In 2011 public cultural appropriations in Denmark amounted to approximately DKK 20 billion. The same applied in 2010 and the picture was largely similar in the previous years. In 2011 the appropriations were divided between 56 per cent state and 44 per cent municipal grants. The municipalities’ share of the appropriations fell from 46 per cent in 2009. The greatest share of state grants came from Finance Act appropriations in 2011 (DKK 6.1 billion), while revenue from licences contributed DKK 4.1 billion and football pools DKK 1.1 billion.
85 per cent of the cultural appropriations are used for running and maintenance
In 2011 85 per cent of the cultural appropriations were spent on running and maintenance, while building and construction received 6 per cent and projects 5 per cent. The remainder was equally divided between distribution support and personal funds in the form of money paid out to authors for library loans and grants for artists from the Danish Arts Foundation.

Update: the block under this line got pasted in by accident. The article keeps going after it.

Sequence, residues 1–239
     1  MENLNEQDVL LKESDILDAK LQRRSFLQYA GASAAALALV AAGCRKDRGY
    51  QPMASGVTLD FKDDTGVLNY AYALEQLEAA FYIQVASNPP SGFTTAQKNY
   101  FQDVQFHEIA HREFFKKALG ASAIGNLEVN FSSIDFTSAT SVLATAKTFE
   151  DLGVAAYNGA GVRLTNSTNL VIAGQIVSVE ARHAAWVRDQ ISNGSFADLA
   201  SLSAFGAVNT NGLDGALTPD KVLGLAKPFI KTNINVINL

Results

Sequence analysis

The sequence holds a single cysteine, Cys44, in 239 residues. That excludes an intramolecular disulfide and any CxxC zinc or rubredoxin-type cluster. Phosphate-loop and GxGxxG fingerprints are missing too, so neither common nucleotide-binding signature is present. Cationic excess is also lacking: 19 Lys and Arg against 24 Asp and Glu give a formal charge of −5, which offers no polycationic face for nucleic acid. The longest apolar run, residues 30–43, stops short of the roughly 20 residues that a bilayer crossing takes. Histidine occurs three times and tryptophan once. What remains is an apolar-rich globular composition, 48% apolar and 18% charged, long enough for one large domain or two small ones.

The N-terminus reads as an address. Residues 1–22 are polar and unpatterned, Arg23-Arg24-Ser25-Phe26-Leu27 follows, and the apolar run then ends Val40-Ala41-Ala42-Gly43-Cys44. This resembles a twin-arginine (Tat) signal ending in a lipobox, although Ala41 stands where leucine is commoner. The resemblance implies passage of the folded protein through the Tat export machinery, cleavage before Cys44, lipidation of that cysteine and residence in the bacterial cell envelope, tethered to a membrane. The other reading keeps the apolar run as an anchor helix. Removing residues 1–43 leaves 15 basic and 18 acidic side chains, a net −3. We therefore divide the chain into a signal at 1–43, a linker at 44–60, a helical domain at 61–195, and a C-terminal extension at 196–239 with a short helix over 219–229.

Radio and TV receive most support
The appropriations are made up according to the individual purposes and over 27 cultural topics. In 2011 the largest share went to radio and TV, namely 21 per cent. Libraries were in second place with 20 per cent while sport received 17 per cent of the total appropriations. In the case of sport the share fell in relation to 2009 when 21 per cent of the public appropriations went to sport purposes. The level for performing arts, museums and music was between 6 and 8 per cent of the cultural appropriations.
Education programmes receive DKK 1 billion
Some of the state funds are devoted to special crosscutting purposes and appropriations for education programmes are a clear top scorer with just under DKK 1 billion. These funds go to architectural and drama schools and music conservatories, among others. The other special crosscutting purposes are research, which received DKK 151 million in 2011, the international area, with DKK 50 million, and children and young people, with DKK 15 million.
(Source: Statistics Denmark)